What we are witnessing in this case is the logical end of the moral relativistic rubbish that our entire abortion culture is based on.  Consider the 1992 case of Planned Parenthood v. Casey that saw the U.S. Supreme Court attempting to provide some moral clarity to the muddled mess that the infamous Roe v. Wade decision had left in its wake.  Their pitiful effort shows that even when given almost 20 years to come up with a better explanation for the gruesome practice, the brightest legal minds can't offer anything beyond a self-defeating quagmire of personal preferences.

The Court opined that "[a]t the heart of liberty is the right to define one's own concept of existence, of meaning, of the universe, and of the mystery of human life."  And as intellectually vapid and logically flawed as that mammoth definition of liberty is, it isn't difficult to figure out why we are experiencing the kind of moral decay represented by this "wrongful birth" case.  Parents Mejia and Santana's "concept of existence" involves a sliding scale of humanity's worth: those whom they define as "normal" are more valuable and worthy of life than those who aren't.  They are merely "defining the meaning of human existence" to be predicated upon what an individual can do for society.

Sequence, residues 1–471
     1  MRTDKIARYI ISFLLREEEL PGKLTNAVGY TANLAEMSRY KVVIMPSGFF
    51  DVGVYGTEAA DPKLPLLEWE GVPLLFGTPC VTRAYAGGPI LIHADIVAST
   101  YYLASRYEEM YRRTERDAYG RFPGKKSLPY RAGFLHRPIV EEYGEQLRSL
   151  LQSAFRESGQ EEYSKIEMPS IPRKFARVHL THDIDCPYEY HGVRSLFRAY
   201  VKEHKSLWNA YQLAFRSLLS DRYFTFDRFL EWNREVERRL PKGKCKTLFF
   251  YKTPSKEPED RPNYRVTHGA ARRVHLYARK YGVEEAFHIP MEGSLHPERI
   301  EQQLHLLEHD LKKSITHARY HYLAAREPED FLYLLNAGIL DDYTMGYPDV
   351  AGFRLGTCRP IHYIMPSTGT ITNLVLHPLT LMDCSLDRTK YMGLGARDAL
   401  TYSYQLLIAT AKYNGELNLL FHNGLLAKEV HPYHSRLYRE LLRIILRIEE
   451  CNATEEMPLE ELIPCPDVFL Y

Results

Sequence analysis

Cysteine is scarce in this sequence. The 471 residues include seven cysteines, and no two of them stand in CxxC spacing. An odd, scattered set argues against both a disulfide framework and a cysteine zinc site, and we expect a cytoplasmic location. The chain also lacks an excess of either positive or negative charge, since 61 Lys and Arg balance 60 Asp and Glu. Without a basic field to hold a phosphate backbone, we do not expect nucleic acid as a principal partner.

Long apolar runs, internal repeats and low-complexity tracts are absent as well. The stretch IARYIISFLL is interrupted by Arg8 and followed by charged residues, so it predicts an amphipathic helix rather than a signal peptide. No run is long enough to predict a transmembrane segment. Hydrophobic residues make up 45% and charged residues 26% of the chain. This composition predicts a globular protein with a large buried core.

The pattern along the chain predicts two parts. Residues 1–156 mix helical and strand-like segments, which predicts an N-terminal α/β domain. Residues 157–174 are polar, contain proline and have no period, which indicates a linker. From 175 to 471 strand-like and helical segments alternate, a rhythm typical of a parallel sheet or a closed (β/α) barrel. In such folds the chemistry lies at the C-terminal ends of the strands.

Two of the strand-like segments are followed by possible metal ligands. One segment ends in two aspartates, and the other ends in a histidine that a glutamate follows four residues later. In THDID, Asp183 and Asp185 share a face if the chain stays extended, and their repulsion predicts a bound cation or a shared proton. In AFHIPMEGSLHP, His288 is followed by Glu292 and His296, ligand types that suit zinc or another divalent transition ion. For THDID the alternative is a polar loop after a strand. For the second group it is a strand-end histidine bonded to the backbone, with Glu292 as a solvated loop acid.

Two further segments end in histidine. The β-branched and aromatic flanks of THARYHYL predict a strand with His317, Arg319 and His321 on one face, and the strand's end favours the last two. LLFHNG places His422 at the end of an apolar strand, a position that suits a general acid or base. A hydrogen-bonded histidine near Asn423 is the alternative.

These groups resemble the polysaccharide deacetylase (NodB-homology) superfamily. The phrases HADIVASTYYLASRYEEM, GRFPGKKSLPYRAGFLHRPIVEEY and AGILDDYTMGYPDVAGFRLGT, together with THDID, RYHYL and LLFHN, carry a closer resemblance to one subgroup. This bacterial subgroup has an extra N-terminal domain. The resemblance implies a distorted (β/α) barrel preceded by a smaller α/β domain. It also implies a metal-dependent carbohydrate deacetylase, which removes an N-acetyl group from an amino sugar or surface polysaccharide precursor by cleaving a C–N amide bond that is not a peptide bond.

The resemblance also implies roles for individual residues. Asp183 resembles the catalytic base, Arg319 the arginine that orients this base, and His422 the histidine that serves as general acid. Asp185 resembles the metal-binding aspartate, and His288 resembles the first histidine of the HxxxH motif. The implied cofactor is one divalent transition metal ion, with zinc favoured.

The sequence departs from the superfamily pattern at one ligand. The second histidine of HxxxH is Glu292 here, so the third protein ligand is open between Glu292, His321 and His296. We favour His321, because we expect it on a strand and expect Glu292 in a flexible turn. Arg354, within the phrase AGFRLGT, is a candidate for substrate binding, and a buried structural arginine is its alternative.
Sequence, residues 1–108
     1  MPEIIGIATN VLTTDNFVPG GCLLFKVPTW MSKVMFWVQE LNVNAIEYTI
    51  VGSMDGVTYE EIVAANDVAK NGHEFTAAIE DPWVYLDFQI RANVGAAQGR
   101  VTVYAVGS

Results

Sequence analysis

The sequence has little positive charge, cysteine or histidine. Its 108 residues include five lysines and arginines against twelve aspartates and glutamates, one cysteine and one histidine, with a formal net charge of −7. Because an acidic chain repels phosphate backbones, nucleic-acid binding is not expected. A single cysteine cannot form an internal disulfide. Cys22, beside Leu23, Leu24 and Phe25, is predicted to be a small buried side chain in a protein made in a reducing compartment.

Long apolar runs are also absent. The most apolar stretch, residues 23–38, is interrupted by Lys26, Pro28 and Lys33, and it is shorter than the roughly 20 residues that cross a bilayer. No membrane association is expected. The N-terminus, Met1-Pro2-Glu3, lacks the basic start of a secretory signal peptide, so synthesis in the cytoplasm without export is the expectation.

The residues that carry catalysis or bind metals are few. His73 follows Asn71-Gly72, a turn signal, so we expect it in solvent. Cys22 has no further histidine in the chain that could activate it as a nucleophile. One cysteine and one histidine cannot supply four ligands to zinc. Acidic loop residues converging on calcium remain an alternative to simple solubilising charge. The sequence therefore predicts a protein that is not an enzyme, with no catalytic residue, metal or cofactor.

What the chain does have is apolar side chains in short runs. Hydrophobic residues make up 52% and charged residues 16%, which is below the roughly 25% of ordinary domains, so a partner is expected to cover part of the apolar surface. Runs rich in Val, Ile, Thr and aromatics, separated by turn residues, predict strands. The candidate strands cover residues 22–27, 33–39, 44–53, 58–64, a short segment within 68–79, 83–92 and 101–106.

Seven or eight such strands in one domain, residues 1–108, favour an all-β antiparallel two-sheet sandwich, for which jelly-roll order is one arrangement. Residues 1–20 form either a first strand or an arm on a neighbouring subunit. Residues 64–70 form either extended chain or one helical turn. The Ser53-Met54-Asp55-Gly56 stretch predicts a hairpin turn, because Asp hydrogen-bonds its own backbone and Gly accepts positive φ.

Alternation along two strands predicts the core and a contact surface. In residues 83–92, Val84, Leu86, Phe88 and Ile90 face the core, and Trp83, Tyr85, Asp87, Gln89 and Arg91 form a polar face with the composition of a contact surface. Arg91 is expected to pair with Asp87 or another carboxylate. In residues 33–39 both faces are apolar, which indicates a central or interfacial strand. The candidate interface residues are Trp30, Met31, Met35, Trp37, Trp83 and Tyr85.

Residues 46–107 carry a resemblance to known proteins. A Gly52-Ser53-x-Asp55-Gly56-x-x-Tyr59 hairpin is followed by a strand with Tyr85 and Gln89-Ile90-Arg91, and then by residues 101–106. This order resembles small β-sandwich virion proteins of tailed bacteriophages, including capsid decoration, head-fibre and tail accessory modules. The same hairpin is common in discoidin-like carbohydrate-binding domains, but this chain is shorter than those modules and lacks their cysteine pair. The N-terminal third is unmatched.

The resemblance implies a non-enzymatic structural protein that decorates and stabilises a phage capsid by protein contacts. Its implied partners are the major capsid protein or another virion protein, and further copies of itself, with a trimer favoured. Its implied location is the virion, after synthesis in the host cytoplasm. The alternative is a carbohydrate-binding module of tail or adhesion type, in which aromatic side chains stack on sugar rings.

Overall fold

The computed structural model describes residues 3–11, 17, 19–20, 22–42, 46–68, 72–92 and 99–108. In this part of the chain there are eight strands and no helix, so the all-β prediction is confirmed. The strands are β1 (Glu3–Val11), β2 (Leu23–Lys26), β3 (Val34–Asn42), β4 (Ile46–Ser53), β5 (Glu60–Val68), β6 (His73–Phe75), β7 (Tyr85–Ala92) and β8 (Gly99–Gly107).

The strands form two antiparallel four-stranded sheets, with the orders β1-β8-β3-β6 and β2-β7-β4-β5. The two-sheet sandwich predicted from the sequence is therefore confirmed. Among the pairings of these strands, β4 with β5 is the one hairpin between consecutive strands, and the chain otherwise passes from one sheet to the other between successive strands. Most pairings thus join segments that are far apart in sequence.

Therein lies the problem.  We can and should recoil in disgust at such brazen acts of selfishness as preferring to kill your handicapped child over caring for him.  But until we eliminate the moral relativism that triggers those acts and replace it with the Judeo-Christian truth that life is valuable -- not for what it does, but what it is -- we should only anticipate more of the same.

Peter is a public high school history teacher and radio talk show host in central Indiana.  E-mail peter@peterheck.com, visit www.peterheck.com, or like him on Facebook.